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 Qigong and Taiji: Nervous System 
 

5. Brain Hemisphere Dominance
Thousands of years ago the oriental practitioners of self care disciplines intuitively developed an awareness of an alternating cycle of the predominance of body activity from the right side of the body to the left side. One particular Qi Gong practice, Tai ji, is founded on a constant, flowing of the limbs in circular motions, alternating from right to left. The side of the body that bears the weight is planted, stable, and associated with the Yin. The side that is free to move and kick is active and associated with the Yang. Constant alternation of right and left side activity are thought to balance the forces of yin and yang in the body. Focusing on the right and left sides alternatively activates, and reputedly balances, the right and left motor centers in the brain.

The channels or circuits that conduct the human resonating energy field, according to yogic medicine, are called nadis. Ida nadi and Pingala nadi associate with right and left brain activities.(72,73) In addition this association effects right and left nasal passage activity as well as the physiology of the right and left body. These channels alternate in their predominant activity over a 2-3 hour cycle causing the dominant nostril to be clear and the non-dominant nostril to swell and become congested.(73) This phenomena was not noted in the Western world until 1889 when the German physician R. Kayser recorded his observation of the "nasal cycle". (74) Much of the research on this phenomenon up through the 1980's was motivated by the quest to develop pharmaceuticals for nasal congestion. (72)

It has been demonstrated that the nasal cycle is coupled with the alternating lateralization of cerebral hemispheric activity. (73) It was found with research subjects, that when a shift occurred in either nasal dominance or brain hemisphere dominance there was an associated shift, within moments, in the other as well. The right nasal cavity, associated with pingala nadi tends to be more open and the left more congested when the left hemisphere of the brain is more active. This is associated with the active phase of the BRAC and increased general sympathetic tone.(72) In contrast the right brain hemisphere is more active when the left nostril is open and dominant and the individual is in the resting phase of the BRAC or the para-sympathetic mode.

A number of different physiological states have been found to be associated with the dominance of one or the other nostril.

  • deep sleep is initiated more quickly with left nostril dominance.
  • appetite and digestive ability are enhanced during right nostril dominance.
  • sexual intercourse is most satisfying when the man is dominant in the right nostril and the woman in the left.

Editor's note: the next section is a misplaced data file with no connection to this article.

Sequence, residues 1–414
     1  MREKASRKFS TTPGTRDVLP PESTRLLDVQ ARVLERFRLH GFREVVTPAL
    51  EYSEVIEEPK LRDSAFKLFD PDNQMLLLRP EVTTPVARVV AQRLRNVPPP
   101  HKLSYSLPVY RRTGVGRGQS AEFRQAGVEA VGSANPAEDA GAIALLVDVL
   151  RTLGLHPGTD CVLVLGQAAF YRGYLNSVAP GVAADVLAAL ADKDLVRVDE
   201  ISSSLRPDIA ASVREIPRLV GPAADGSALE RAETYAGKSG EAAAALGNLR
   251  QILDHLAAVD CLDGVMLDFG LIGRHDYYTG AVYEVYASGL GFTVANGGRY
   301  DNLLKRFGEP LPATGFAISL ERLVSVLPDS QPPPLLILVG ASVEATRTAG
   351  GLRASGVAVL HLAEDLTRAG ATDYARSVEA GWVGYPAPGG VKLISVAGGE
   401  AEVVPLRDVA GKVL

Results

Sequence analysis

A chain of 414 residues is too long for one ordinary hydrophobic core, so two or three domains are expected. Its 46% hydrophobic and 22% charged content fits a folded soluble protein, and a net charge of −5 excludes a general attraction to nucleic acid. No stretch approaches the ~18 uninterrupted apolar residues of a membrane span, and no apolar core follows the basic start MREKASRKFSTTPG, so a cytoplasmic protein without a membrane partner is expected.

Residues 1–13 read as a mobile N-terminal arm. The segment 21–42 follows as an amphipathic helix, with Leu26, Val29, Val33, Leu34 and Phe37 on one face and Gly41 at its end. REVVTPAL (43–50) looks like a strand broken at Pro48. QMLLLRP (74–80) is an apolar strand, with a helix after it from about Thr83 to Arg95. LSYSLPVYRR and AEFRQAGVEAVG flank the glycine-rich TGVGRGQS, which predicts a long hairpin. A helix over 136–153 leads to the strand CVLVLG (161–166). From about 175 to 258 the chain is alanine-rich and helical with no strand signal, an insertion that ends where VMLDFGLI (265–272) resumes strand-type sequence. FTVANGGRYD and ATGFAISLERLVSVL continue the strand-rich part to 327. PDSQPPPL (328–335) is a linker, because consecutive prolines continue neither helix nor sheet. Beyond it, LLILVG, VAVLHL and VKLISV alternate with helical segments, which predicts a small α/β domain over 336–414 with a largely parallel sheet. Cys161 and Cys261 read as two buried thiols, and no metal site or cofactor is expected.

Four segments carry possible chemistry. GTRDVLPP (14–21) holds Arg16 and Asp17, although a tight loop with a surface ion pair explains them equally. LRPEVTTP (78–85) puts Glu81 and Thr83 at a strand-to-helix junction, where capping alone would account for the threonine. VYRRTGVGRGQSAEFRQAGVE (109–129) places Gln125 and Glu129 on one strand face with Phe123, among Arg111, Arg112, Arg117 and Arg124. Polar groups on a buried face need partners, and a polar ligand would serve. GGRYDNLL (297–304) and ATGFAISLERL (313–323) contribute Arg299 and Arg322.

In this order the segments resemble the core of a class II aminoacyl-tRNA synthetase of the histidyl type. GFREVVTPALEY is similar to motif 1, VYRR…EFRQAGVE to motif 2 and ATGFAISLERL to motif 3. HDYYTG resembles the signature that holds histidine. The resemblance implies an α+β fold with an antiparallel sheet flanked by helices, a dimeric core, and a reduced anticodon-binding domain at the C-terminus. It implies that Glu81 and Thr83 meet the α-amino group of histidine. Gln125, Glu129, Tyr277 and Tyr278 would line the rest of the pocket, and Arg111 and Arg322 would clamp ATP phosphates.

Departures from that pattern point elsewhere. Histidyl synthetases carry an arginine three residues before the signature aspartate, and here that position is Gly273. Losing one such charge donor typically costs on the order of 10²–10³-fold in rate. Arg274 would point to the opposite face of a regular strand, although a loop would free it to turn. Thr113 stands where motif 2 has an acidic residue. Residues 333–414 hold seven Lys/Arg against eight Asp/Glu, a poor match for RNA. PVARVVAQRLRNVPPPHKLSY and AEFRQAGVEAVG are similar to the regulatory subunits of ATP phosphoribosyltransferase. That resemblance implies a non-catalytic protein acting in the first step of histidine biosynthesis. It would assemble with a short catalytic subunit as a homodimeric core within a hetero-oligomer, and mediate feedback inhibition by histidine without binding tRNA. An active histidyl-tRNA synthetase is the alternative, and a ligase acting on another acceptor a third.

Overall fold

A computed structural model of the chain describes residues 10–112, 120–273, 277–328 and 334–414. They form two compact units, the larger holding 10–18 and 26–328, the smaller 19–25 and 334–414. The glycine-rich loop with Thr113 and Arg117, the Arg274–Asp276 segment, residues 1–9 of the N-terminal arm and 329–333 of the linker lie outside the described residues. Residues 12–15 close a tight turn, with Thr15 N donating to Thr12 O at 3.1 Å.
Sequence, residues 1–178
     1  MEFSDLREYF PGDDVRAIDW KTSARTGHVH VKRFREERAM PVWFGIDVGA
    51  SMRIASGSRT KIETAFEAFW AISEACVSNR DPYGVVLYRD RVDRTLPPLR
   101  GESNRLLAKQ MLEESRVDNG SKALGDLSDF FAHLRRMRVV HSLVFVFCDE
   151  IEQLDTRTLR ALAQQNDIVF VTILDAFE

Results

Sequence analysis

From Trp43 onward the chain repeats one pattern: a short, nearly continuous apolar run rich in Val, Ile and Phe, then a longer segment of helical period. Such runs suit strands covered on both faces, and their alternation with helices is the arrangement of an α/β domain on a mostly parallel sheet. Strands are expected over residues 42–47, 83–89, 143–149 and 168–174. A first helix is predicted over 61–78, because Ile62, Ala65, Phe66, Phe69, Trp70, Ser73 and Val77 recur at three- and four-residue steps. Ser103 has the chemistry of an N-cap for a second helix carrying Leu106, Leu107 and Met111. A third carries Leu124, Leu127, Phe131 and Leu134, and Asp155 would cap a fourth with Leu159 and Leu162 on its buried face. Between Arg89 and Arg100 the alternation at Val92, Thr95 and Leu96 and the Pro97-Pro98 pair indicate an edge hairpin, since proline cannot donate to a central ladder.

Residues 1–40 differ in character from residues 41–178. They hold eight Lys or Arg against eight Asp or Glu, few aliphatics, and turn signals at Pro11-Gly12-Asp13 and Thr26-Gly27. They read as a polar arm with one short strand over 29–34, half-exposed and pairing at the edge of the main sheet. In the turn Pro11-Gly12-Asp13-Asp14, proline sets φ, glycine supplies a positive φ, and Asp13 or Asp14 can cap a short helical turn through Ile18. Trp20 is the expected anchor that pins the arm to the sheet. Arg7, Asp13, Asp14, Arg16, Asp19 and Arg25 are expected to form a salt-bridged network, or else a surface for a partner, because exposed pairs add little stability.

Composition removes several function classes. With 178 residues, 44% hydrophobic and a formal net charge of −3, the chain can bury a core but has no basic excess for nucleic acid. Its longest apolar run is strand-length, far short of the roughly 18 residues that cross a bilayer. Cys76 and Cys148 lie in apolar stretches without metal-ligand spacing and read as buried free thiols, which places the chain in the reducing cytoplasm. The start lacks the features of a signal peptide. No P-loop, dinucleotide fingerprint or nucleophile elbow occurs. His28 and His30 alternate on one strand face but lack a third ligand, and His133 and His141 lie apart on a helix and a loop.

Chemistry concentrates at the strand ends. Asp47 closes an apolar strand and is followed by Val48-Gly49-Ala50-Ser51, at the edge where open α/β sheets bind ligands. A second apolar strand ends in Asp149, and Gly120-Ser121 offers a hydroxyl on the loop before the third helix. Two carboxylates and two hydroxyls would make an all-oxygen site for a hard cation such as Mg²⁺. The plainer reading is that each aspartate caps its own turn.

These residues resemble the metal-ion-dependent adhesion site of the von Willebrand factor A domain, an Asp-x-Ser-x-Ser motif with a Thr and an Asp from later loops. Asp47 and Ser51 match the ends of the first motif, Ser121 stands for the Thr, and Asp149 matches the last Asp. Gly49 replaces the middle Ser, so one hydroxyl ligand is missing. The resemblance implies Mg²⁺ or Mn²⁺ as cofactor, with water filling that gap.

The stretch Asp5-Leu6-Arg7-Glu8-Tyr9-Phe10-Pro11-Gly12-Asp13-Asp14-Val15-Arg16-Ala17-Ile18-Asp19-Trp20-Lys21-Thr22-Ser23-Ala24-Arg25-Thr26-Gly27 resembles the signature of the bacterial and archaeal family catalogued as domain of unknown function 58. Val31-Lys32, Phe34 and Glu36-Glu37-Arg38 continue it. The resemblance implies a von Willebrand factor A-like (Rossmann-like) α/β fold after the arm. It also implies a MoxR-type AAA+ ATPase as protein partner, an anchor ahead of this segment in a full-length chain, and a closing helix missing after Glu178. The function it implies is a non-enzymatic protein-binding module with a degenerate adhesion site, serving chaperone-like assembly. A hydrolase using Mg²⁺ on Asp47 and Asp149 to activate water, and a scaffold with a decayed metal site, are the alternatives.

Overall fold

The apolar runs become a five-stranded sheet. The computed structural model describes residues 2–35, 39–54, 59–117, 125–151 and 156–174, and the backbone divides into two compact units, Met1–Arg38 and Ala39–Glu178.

• left nostril, right brain dominance is more conducive to recieving new ideas, while right nostril, left brain dominance is an advantage during discourse.
  • it is possible to alter the pattern of "thought waves" by consciously alternating nasal dominance by exercising the congested nostril by forced nostril breathing.(75)

A specific Qi Gong and Yoga breath technique which has been practiced for centuries is the right and left singular nostril breathing. Dr. Shannahoff-Khalsa of the Salk Institute has done extensive research with this technique, originally prompted by his work with the Kundalini Yoga tradition. The studdies done by he and his associates has shown that forcing the breath through the constricted nostril can increase the EEG amplitude of the contralateral hemisphere of the brain.(76) It has been demonstrated that certain psychopathologies are brain hemisphere specific.(77,78) It may be possible, therefore, that the use of single nostril breathing may be applicable as therapy in cases where lateralized dysfunction has been found.

It was discovered that there is a direct correlation between nasal dominance, brain dominance and the lateralized biochemical activity in the peripheral body parts. Recent studies of the nasal cycle comparing plasma catecholamine levels in the venous circulation of the right and left arms found that levels of norepinephrine alternated with the rhythm of sympathetic dominance of the nostrils.(79)

6. Induction of alpha/theta brain wave activity
The intention to relax and deepening of the breath are the classic initiating actions that trigger the relaxation response(RR). Research with practitioners of Yoga(3) and Qigong(4) has shown that during practice brain wave frequency tends toward the alpha range and in certain cases theta frequency brain activity is achieved.

Alpha level brain function is a result of relaxation and is conducive to healing. The slowing of heart rate, reduction of blood pressure and elevation of skin temperature are common physiological features of the alpha state. Theta is a deeper trance like state that has been found in research with individuals with extraordinary capabilities to be associated with paranormal skills like sitting on beds of nails and immediate wound healing without bleeding.(3)